When a company files for bankruptcy, creditors receive a notice from the bankruptcy court and must halt all collection efforts, including legal proceedings, outside of the confines of the bankruptcy forum. See our article on Bankruptcy: the Constitutional Right to Start Over.
This can come as quite a shock to the company which has extended credit to the now bankrupt company, but that is nothing to the shock that can arise a few months later when the creditor receives notice (or is subject to litigation begun in the bankruptcy court) alleging “preferential” payments” were made and that the creditor has to repay to the bankruptcy trustee or creditor’s committee all sums received from the debtor for the ninety days prior to bankruptcy.
This can be a staggering blow to a business which has received sizable payments from the debtor and the outrage of the creditor business is predictable. It is not usual for millions of dollars to be reclaimed by the trustee in bankruptcy and if not promptly repaid, the trustee will soon file suit in the Federal court having jurisdiction of the debtor and that can be thousands of miles from the locale of the creditor.
There are valid defenses to a claim to retrieve “preferential payments” and this article shall outline one way in which the creditor can resist the claims. Of course, competent legal counsel and excellent business records will be essential for any business seeking to allege this defense. The Ordinary Course of Business Defense to Preferential Claims in Bankruptcy is discussed in a companion article.
The Basic Preference Laws in Bankruptcy:
The preference laws are intended to further the bankruptcy policy of equality of treatment between creditors. Within the 90-day period prior to filing bankruptcy (the “Preference Period”), some creditors receive payment but many do not. By forcing the return of transfers made during the Preference Period, the debtor-trustee ensures that the assets of the bankruptcy estate are increased. The assets of the estate are then distributed to creditors on a pro rata basis in accordance with the distribution priorities set forth in the Bankruptcy Code. In this manner, creditors that were not “preferred” have a better chance to recover a percentage of their claims. The key is payments made in the 90 days prior to bankruptcy filing.
Normally, any payment received during the ninety days prior to filing bankruptcy are to be repaid to the trustee in bankruptcy for such pro rata distribution and if the creditor refuses to repay the sums, suit is brought against the creditor in the bankruptcy court. Most bankruptcy trustees are quite aggressive in filing such actions and pursuing them to judgment. They do not care how much was owed the creditor-defendant nor what promises were made by the debtor as to the payments prior to filing bankruptcy. Large bankruptcies commonly have a dozen or more such preferential payment retrieval actions filed.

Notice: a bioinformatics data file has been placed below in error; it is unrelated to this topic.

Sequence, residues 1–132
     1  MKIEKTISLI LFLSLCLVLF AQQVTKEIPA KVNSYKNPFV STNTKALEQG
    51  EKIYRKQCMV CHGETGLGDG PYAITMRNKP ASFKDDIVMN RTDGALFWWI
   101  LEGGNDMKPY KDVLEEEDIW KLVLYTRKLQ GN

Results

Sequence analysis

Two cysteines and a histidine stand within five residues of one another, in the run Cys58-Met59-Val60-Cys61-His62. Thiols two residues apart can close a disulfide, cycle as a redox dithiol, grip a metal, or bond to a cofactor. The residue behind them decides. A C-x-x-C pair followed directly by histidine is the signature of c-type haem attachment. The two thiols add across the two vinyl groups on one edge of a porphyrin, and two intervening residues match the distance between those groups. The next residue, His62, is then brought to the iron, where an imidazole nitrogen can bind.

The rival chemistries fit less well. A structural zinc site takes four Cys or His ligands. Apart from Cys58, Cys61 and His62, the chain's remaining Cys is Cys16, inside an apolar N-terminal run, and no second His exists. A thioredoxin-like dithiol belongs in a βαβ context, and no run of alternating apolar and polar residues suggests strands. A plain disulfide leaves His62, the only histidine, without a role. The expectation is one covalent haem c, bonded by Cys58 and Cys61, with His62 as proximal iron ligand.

But there are valid defenses and the one discussed herein is the New Value Defense.
Basic New Value Defense:
A defendant resisting the claim of the trustee for preferential payments may have a defense pursuant to section 547(c)(4). Section 547(c)(4) provides:
[The trustee may not avoid under this section a transfer-- (4) to or for the benefit of a creditor, to the extent that, after such transfer, such creditor gave new value to or for the benefit of the debtor—(A) not secured by an otherwise unavoidable security interest; and (B) on account of which new value the debtor did not make an otherwise unavoidable transfer to or for the benefit of such creditor.]
11 U.S.C. § 547(c)(4).
Note that to meet the requirements of the new value defense, new value must (i) be given to the debtor after the preferential transfer; (ii) be unsecured; and (iii) remain unpaid. Mosier v. Ever-Fresh Food Co. (In re IRFM, Inc.), 52 F.3d 228, 230 (9th Cir. 1995).
“[S]ubsequent advances of new value may be used to offset prior (although not immediately prior) preferences. A creditor is permitted to carry forward preferences until they are exhausted by subsequent advances of new value.” Id. at 232.
The underlying rationale for the new value defense is to encourage creditors to continue to supply product or services to companies that may be in economic trouble but have yet to file bankruptcy. The courts reasoned that without such encouragement, the danger of bankruptcy would be a self fulfilling prophecy since the very danger of such bankruptcy would dry up all sources of vendors to supply the troubled company.
Thus the essence of the defense is to demonstrate that the payment received during the ninety days prior to bankruptcy was for product or services rendered during that time or in the future, NOT for pay down of an old debt. Thus the payment must be tracked directly to the delivery of new product or service.
Why no security allowed for the new value sale? Again, that would place the creditor in a position of seeking to improve his credit position at the possible expense of other creditors, thus preferential.
Note that this defense can be utilized in conjunction or separately from the Ordinary Course of Business defense.
The strong policy in the bankruptcy courts to provide means for struggling companies to remain in business by encouraging creditors to continue credit underlies this defense and once the creditor can demonstrate these were simply ongoing sales to a customer, the preferential transfer claims can be avoided. The key, again, is good record keeping, good advice from a capable CFO, accountants and attorneys, and some patience as the trustee and, perhaps, the judge reviews the records.